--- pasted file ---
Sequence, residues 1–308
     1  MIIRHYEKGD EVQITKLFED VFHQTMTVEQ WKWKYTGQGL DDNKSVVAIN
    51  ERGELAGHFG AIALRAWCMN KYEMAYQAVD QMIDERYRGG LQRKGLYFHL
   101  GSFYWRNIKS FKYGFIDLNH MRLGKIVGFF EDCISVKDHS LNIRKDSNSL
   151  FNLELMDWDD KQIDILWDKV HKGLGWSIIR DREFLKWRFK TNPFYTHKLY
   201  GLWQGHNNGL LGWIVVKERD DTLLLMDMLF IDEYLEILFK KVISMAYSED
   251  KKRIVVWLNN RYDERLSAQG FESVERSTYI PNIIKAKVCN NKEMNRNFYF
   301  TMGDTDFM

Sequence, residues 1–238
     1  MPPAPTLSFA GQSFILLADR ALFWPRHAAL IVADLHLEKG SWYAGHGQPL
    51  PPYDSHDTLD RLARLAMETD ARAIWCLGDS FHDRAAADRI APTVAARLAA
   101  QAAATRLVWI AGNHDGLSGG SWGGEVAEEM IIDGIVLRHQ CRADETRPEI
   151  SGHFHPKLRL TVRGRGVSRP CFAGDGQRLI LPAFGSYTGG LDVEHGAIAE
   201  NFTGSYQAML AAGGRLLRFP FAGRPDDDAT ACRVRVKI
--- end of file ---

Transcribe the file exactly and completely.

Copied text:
Sequence, residues 1–308
     1  MIIRHYEKGD EVQITKLFED VFHQTMTVEQ WKWKYTGQGL DDNKSVVAIN
    51  ERGELAGHFG AIALRAWCMN KYEMAYQAVD QMIDERYRGG LQRKGLYFHL
   101  GSFYWRNIKS FKYGFIDLNH MRLGKIVGFF EDCISVKDHS LNIRKDSNSL
   151  FNLELMDWDD KQIDILWDKV HKGLGWSIIR DREFLKWRFK TNPFYTHKLY
   201  GLWQGHNNGL LGWIVVKERD DTLLLMDMLF IDEYLEILFK KVISMAYSED
   251  KKRIVVWLNN RYDERLSAQG FESVERSTYI PNIIKAKVCN NKEMNRNFYF
   301  TMGDTDFM

Sequence, residues 1–238
     1  MPPAPTLSFA GQSFILLADR ALFWPRHAAL IVADLHLEKG SWYAGHGQPL
    51  PPYDSHDTLD RLARLAMETD ARAIWCLGDS FHDRAAADRI APTVAARLAA
   101  QAAATRLVWI AGNHDGLSGG SWGGEVAEEM IIDGIVLRHQ CRADETRPEI
   151  SGHFHPKLRL TVRGRGVSRP CFAGDGQRLI LPAFGSYTGG LDVEHGAIAE
   201  NFTGSYQAML AAGGRLLRFP FAGRPDDDAT ACRVRVKI